Basement lowering transforms 6-foot basements into livable and beautiful 8-foot spaces. We love turning unusable basements, crawl spaces, root cellars, and figurative dungeons into fully modern suites. By safely and methodically digging out your basement and lowering the floor, the ceiling gains relative height.
We help our clients optimize their living space. Basement lowering is the most cost-effective way to add space to your existing home. It costs less than building either upwards or outwards—and is less limited by zoning, bylaws, and requirements for heritage facades. Underpinning can also allow us to remove unnecessary walls and support loads differently, meaning your basement can be lighter and brighter.
Moving is an expensive hassle, and Vancouver has a pretty tight real estate market. We’ve helped many families increase their square footage without having to move—typically adding 500 to 1400 square feet of livable space. Imagine turning currently unusable space into new office space, an extra bedroom, a home theatre or spa, a nanny or in-law suite, a rental suite, and even extra storage space. It can also add breathing space and privacy to accommodate growing teens and aging parents.
Looking to gain livable space?
Underpinning is a more effective solution than house-lifting, because:
It’s less expensive
There’s minimal risk of property damage
You can live in your home during the construction
You have more flexibility for your finished basement height
It reduces disruption to your home, occupants, and property
Wallace Underpinning offers several types of basement lowering options:
Merely digging out your basement floor or crawl space to gain height could damage the existing foundation. Instead, we dig under the existing foundation while supporting your house, and then create a new foundation. This method is most common for raising the ceiling in an existing basement.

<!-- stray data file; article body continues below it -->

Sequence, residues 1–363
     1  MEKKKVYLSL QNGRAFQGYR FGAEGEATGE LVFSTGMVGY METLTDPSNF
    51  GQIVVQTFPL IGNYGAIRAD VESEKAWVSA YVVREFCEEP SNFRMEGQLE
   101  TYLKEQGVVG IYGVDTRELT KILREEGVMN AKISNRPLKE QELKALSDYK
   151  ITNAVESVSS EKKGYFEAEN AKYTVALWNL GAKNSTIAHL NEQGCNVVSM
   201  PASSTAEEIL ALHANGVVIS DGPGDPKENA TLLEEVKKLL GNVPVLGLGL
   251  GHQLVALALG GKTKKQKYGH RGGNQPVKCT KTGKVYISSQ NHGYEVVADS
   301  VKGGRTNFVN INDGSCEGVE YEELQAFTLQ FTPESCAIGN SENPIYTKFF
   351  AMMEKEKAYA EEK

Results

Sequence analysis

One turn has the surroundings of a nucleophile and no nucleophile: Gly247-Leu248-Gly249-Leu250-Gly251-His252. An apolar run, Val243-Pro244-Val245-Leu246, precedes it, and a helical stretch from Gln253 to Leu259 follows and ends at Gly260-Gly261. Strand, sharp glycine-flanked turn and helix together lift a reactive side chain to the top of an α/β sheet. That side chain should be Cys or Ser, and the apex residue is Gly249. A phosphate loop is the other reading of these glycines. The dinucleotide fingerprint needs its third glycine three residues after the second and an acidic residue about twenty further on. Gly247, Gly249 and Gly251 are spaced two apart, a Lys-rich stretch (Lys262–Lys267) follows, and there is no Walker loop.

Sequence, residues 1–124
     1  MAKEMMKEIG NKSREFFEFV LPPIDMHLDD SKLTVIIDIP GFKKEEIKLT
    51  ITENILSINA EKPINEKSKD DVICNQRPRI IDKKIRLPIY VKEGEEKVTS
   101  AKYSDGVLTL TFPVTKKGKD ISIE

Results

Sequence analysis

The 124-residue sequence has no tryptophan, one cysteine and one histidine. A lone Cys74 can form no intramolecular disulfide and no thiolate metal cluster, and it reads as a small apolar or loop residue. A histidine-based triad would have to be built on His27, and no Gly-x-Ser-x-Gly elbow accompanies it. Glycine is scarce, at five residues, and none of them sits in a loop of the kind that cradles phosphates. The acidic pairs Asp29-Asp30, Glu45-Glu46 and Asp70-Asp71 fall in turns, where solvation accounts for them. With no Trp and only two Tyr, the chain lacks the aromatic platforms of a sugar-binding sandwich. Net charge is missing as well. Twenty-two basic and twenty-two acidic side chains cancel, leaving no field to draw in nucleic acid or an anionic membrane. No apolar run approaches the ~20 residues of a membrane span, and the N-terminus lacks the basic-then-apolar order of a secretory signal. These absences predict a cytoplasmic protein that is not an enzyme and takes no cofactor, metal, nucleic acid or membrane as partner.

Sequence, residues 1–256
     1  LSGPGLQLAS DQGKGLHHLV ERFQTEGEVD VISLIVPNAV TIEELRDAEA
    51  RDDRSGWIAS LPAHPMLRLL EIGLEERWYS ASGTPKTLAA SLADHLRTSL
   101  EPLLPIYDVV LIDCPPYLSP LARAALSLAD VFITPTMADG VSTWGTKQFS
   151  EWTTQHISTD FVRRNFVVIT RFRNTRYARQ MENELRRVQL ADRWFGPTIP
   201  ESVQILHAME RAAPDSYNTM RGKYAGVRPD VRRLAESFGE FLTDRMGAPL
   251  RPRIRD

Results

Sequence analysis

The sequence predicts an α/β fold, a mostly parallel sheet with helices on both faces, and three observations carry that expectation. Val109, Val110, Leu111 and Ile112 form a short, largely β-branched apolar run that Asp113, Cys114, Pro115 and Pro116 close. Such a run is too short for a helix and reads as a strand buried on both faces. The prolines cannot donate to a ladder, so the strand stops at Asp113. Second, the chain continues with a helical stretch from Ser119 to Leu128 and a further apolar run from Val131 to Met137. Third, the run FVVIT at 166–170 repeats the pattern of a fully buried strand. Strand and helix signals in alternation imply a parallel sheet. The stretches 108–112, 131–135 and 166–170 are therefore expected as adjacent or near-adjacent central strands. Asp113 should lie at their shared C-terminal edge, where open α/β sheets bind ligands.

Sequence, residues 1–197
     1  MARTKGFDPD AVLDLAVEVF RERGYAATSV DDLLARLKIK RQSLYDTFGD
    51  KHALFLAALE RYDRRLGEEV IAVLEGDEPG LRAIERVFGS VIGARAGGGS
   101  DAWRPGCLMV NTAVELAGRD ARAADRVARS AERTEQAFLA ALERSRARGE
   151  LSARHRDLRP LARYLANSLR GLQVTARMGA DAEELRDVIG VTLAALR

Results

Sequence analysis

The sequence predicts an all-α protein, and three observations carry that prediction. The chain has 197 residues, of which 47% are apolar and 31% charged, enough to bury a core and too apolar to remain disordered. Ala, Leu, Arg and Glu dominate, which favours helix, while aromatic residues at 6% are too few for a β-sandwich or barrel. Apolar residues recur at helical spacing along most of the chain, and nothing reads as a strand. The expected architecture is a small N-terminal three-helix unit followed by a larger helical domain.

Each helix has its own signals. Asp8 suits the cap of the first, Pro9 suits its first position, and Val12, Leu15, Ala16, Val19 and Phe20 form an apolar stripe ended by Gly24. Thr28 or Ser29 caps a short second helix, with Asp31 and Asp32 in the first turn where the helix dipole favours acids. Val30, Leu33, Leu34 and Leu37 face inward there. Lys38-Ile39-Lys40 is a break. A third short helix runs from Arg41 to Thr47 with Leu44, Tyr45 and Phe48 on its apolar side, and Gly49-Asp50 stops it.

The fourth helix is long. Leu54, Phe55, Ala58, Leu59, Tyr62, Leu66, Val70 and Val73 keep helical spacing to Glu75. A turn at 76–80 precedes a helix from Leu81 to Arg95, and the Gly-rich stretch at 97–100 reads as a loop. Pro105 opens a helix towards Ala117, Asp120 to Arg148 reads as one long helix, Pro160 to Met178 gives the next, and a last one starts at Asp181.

Benching is a faster and less expensive approach to basement lowering. Rather than digging under the existing foundation, we install a new foundation directly in front of the existing foundation. This increases stability, but trades some floor space to create a bench around the perimeter. Benching can be worked functionally and aesthetically into a room’s design.
Slab lowering is the least expensive technique for lowering your basement. It takes less time than underpinning and benching, sacrifices no square footage, and requires no excavation. We always consider slab lowering as the first option when lowering a basement, though your foundation must meet certain requirements for this option to be viable.
Combination: Underpinning, Benching & Slab Lowering
It’s possible to combine the underpinning, benching, and slab lowering techniques to reduce the overall cost of lowering your basement. For example, underpinning the foundation on one side, designing a bench feature on the remaining walls, and then lowering the slab over the portions of the basement that meet the criteria.